It is easy to nit-pick these books; however, it must be recognised that they are trailblazers. They are starting important conversations with our children about societal expectations and how we as individuals react when those expectations are not met. The value of this cannot be overstated.
Baldacchino, C. & Malenfant, I. (2014). Morris Micklewhite and the Tangerine Dress. Toronto, ON: Groundwood Books.
Recommended age range: Late preschool – grade 2
Morris is a boy who has fallen in love with a tangerine dress (accompanied by a pair of shoes that have a satisfying click) from his class’ dress-up centre. The colour reminds him of his mother’s hair and he loves the sounds that it makes when he walks. The other children don’t understand and make fun of him, which makes him feel sad and sick to his stomach.
Both the language and art in this book are lovely, evocative, and just a little magical. The alliteration of names in Morris’ family is a nice touch and the recurrence of onomatopoeia throughout helps to provide a framework for the story. The tangerine colour that Malenfant chose for the illustrations is truly lovely, leaving the reader in no doubt why Morris loves it so. The expressiveness of his face adds an additional layer of emotion to the story.
This book is somewhat unusual in that the focus is on a specific gender non-conforming behaviour, rather than specifically on the child’s identity. It’s not that Morris loves dresses in general or prefers to play only with girls, he just really loves that tangerine dress and the accompanying clicky shoes (although he is also not averse to his mother painting his nails pink). This subtly moves the discussion away from “boys who act like (traditional) girls” or “boys who don’t act like (traditional) boys” to being yourself, whatever that looks like. The ultimate lesson is that one’s interests and identity need not be prescribed by one’s dress up attire.
Bansch, H. (2011). Odd Bird Out (M. Smith, Trans.). Wellington, NZ: Gecko Press.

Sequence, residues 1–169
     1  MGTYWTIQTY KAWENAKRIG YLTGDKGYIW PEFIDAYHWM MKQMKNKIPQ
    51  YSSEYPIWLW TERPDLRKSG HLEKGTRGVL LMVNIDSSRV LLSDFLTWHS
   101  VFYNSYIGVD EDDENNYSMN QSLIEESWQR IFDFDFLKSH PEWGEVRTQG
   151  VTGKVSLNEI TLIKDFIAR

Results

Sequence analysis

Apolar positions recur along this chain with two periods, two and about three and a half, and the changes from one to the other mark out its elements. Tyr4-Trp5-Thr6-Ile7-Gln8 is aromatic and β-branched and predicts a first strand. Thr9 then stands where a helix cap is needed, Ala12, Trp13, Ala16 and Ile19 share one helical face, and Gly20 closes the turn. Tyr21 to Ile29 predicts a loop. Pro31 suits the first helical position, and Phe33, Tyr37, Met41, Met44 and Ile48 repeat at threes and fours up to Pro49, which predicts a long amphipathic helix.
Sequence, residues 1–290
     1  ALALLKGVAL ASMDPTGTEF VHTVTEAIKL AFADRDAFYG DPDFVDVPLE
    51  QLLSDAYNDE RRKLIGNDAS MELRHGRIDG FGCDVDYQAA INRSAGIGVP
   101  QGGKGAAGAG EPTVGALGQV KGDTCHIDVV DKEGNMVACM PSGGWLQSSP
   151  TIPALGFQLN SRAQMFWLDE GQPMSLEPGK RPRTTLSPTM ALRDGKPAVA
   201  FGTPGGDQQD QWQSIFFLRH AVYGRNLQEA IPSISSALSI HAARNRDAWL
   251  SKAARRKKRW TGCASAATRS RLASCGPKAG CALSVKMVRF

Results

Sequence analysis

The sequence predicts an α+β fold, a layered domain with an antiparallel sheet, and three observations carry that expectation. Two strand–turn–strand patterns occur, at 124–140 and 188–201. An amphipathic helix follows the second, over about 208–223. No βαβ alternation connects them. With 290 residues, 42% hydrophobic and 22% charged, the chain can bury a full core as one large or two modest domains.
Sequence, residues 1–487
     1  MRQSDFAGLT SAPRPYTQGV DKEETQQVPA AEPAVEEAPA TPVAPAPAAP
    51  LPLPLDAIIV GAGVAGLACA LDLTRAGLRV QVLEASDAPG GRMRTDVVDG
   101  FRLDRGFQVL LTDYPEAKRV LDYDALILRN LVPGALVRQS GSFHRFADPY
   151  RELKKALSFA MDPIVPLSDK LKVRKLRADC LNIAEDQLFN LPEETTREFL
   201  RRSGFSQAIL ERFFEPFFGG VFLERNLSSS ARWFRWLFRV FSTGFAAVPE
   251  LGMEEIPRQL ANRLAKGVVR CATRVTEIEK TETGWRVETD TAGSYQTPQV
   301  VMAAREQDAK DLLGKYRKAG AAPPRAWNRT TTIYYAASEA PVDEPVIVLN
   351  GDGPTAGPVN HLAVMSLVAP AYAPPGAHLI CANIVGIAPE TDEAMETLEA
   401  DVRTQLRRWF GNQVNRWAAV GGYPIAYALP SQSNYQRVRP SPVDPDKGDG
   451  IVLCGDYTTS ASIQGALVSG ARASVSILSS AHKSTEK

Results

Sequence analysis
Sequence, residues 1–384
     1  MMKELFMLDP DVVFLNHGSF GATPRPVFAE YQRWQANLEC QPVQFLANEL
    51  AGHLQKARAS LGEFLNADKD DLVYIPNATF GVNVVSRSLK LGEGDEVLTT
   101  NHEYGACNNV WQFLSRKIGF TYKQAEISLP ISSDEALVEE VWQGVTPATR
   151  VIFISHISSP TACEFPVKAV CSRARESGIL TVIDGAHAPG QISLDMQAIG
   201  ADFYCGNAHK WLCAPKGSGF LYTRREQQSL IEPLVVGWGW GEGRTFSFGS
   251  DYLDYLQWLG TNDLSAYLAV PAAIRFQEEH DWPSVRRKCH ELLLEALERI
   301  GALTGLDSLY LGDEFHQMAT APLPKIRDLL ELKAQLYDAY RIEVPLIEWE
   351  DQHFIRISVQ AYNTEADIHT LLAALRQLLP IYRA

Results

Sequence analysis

Recommended age range: Preschool – grade 3
This is a great book about being true to yourself. Robert is a young raven who is not like the other ravens. He is unapologetically exuberant and flamboyant. He likes singing, dancing, and telling stupid jokes. Meanwhile, “proper” ravens wear black, act decorously at all times, and only listen to classical music. One day, the other ravens have had enough and they kick Robert out of the flock. What happens next proves that we all need a little colour in our lives and that there is no better person to be than yourself.
“Odd Bird Out” can be considered on a number of levels. At its most basic it is about not letting peer pressure dictate how you act, but there are deeper messages to be found here about gender roles and identity. Although wardrobe is not explicitly mentioned (other than to say that proper ravens only wear black) many of Robert’s costumes involve colourful dresses and high heels, highlighting a gender non-conformity message without belabouring it. Supported by its unique and colourful art style, the narrative contains far less exposition than many stories of its ilk and the main character is happily defiant, unconcerned with what his peers think. This book is a refreshing change from the usual narratives in children’s books about gender. The sly twist at the end makes the story even more enjoyable.
dePaola, T. (1979). Oliver Button is a Sissy. Orlando, FL: Voyager Books.